Random variation in rectal position during radiotherapy for prostate cancer is two to three times greater than that predicted from prostate motion
British Journal of Radiology
British Institute of Radiology
MetadataShow full item record
Scaife, J., Harrison, K., Romanchikova, M., Parker, A., Sutcliffe, M., Bond, S., Thomas, S., et al. (2014). Random variation in rectal position during radiotherapy for prostate cancer is two to three times greater than that predicted from prostate motion. British Journal of Radiology, 87 (20140343)https://doi.org/10.1259/bjr.20140343
Objective: Radiotherapy for prostate cancer does not explicitly take into account daily variation in the position of the rectum. It is important to accurately assess accumulated dose (DA) to the rectum in order to understand the relationship between dose and toxicity. The primary objective of this work was to quantify systematic (S) and random (s) variation in the position of the rectum during a course of prostate radiotherapy. Methods: The rectum was manually outlined on the kilovoltage planning scan and 37 daily mega-voltage image guidance scans for 10 participants recruited to the VoxTox study. The femoral heads were used to produce a fixed point to which all rectal contours were referenced. Results: S [standard deviation (SD) of means] between planning and treatment was 4.2mm in the anteroposterior (AP) direction and 1.3mm left–right (LR). s (root mean square of SDs) was 5.2mm AP and 2.7mm LR. Superior–inferior variation was less than one slice above and below the planning position. Conclusion: Our results for S are in line with published data for prostate motion. s, however, was approximately twice as great as that seen for prostate motion. This suggests that DA may differ from planned dose in some patients treated with radiotherapy for prostate cancer. Advances in knowledge: This work is the first to use daily imaging to quantify S and s of the rectum in prostate cancer. s was found to be greater than published data, providing strong rationale for further investigation of individual DA.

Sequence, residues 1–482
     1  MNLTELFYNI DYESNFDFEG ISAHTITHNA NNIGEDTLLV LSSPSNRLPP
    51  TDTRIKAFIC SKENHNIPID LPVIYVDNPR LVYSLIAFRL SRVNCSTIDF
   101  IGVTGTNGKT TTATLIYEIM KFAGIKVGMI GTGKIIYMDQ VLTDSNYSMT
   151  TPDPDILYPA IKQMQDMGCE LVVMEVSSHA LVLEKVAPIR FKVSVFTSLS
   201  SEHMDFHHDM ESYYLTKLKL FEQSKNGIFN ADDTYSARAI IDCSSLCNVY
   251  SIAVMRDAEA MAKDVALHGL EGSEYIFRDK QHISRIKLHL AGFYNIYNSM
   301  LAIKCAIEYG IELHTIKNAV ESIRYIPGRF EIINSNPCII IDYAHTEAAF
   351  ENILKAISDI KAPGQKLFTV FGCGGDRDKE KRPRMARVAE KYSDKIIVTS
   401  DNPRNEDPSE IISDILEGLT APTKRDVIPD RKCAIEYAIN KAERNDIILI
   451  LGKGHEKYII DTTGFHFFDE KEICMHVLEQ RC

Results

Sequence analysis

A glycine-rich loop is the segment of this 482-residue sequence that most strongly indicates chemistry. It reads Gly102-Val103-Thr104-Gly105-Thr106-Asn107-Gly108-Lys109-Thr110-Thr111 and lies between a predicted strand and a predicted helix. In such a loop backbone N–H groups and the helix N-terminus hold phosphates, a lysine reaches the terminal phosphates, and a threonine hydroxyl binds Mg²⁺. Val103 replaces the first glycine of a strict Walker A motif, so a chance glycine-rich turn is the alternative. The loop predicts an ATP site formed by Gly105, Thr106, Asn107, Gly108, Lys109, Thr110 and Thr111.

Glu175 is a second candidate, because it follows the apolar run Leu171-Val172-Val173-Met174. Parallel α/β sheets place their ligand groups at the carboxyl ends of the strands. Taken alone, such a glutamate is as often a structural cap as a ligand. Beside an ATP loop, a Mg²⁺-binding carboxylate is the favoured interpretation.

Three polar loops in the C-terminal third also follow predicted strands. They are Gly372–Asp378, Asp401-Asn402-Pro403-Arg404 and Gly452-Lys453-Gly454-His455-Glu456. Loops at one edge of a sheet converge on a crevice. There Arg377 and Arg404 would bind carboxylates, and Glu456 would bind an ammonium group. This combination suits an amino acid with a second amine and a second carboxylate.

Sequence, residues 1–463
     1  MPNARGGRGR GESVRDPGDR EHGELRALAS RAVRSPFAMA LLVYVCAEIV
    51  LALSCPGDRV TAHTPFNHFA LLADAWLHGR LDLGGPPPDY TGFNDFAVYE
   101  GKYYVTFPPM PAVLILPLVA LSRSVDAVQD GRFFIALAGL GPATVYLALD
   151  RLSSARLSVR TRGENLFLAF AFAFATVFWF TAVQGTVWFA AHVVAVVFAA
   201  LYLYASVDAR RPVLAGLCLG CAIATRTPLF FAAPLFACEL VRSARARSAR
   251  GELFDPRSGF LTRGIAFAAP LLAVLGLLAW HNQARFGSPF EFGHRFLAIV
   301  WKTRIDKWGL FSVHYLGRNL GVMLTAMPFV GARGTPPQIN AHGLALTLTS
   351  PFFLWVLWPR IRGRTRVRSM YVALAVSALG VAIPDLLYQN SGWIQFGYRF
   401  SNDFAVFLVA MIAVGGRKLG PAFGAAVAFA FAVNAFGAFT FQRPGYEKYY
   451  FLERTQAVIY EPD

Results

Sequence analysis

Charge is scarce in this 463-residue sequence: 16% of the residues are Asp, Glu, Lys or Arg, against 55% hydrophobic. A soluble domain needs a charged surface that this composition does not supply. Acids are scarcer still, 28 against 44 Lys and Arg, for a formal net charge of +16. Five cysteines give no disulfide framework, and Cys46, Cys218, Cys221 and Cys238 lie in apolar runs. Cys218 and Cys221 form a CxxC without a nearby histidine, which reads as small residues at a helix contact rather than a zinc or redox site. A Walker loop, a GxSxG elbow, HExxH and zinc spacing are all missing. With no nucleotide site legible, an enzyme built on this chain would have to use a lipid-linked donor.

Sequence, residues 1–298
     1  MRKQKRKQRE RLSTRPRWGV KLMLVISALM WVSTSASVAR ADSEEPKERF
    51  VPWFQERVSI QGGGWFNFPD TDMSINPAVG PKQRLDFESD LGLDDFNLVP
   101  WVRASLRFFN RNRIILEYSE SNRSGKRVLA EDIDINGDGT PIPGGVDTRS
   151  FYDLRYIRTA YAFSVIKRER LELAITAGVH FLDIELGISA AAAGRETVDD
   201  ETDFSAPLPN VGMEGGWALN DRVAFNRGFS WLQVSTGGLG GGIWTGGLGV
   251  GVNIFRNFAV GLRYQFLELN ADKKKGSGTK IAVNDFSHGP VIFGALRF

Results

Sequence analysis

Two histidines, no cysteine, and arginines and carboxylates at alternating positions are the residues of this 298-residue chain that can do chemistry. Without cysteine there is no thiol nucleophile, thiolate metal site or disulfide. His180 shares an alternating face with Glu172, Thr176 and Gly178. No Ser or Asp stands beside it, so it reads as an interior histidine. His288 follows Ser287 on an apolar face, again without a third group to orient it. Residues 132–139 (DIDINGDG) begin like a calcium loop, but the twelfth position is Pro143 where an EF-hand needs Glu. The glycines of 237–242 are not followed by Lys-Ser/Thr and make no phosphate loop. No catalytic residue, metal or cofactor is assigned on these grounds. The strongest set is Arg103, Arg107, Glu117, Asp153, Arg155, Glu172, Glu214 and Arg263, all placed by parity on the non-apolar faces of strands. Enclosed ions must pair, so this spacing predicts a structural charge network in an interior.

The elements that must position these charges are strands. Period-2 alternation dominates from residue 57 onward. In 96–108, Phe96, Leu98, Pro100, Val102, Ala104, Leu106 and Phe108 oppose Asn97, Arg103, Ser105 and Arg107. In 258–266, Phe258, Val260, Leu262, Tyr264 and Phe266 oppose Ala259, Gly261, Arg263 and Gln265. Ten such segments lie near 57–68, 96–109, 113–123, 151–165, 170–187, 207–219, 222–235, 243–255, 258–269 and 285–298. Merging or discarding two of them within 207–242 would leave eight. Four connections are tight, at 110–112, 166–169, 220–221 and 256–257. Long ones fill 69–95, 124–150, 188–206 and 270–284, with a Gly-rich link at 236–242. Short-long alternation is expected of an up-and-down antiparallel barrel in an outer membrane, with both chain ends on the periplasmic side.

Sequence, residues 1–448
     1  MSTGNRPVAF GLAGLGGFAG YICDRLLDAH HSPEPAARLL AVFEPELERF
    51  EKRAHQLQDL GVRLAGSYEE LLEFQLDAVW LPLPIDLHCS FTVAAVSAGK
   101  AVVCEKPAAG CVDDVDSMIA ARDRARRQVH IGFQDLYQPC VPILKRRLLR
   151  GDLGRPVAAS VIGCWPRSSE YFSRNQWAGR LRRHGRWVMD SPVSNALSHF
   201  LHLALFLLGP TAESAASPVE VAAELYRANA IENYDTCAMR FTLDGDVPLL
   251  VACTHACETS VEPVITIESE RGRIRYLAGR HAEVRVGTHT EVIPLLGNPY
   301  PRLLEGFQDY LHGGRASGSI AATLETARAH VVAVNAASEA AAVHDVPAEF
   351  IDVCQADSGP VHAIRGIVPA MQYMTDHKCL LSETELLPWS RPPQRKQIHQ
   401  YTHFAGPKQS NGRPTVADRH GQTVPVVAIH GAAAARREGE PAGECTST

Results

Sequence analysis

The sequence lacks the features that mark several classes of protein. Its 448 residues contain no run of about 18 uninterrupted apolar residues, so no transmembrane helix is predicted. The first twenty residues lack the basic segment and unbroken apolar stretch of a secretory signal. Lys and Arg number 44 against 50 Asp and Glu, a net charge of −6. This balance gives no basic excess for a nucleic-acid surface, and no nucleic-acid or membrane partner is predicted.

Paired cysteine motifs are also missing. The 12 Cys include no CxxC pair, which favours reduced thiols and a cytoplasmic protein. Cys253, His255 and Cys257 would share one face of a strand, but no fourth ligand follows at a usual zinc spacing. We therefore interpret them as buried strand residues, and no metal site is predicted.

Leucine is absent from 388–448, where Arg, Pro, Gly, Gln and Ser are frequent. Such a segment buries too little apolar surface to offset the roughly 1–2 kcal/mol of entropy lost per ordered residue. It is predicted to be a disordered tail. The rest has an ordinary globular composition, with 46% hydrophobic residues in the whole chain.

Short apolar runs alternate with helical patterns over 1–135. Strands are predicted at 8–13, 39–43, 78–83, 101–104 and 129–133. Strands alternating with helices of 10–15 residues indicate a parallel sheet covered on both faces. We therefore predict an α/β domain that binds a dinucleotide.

JS is supported by Cancer Research UK through the Cambridge Cancer Centre. NGB is supported by the NIHR Cambridge Biomedical Research Centre. VoxTox is funded by Cancer Research UK.
External DOI: https://doi.org/10.1259/bjr.20140343
This record's URL: https://www.repository.cam.ac.uk/handle/1810/246254
Attribution 2.0 UK: England & Wales
Licence URL: http://creativecommons.org/licenses/by/2.0/uk/